For most of August, the two appeared in a dead heat, putting on display their divergent skill sets. Davis showcased his precision and throwing power while Bean reiterated why he was the Lions’ biggest goal line threat last season.

Bagnoli’s language following the Aug. 31 scrimmage reflected the coaching staff’s desire to refrain from announcing something decisive. He used measured language, praising and criticizing both players almost as a single entity.

“Both had turnovers. Both probably made some protection mistakes which is somewhat normal for a young, first-time starter,” Bagnoli said.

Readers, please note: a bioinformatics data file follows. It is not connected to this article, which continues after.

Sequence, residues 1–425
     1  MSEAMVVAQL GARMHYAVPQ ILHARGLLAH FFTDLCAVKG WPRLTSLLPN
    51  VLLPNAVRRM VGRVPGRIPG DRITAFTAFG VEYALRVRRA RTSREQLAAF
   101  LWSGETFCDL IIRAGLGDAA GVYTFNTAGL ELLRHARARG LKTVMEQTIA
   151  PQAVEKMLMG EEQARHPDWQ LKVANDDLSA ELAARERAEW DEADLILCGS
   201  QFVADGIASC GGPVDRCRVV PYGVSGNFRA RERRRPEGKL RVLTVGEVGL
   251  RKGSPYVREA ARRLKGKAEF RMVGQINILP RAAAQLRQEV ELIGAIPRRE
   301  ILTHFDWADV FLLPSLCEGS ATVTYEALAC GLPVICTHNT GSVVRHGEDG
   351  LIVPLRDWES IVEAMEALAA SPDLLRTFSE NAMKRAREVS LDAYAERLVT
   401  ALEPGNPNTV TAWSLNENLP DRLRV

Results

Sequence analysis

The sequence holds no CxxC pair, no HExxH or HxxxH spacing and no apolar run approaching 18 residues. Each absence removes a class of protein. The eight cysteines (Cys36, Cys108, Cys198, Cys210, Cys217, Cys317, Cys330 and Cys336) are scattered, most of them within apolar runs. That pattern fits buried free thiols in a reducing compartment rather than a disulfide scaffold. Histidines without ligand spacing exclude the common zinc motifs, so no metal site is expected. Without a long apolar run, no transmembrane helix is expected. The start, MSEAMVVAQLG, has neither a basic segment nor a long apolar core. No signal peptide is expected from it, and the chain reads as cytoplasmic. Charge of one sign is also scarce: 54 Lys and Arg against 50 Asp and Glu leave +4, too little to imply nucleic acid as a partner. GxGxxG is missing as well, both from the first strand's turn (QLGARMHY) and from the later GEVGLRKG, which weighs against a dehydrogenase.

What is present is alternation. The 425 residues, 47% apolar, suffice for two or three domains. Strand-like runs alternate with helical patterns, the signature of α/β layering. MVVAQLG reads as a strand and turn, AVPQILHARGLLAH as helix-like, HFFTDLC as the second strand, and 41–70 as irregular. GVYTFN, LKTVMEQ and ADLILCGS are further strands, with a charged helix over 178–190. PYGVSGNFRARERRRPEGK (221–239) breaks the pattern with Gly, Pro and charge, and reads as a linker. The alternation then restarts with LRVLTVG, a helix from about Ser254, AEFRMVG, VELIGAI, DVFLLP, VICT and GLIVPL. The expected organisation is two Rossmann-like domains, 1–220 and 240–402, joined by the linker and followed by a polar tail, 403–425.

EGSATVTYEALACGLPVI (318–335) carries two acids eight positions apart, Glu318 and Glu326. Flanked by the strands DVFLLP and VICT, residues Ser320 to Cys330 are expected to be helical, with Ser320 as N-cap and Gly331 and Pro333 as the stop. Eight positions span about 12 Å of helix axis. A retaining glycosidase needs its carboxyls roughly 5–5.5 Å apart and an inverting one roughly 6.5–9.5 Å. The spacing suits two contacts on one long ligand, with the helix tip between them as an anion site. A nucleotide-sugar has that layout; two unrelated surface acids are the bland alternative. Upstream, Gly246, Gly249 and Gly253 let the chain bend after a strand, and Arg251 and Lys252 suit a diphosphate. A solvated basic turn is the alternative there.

Even in discussing Bean alone, his language was noncommittal, saying, “He did some good things, some not-so-good things.” The key, it seemed, was to let both players embrace and learn from the process. This luxury of relaxation was a natural benefit of the fact that the two players competing are self-described best friends.

Perhaps the most unusual aspect of the competition itself was its participants’ insistence that it wasn’t a competition at all. At least, not in the way most expected it to be.

“Most people would expect a QB battle to be combative,” Bean said. “But really we’ve been supportive and we’ve been making each other better and pushing each other to be better at each play.”

In a testament to the culture Bagnoli and his staff have instilled so quickly, both young quarterbacks, either of whom could have easily allowed their ego to add tension in the locker room, have remained largely unfazed. Rather, they share a common goal: winning a championship by any means necessary.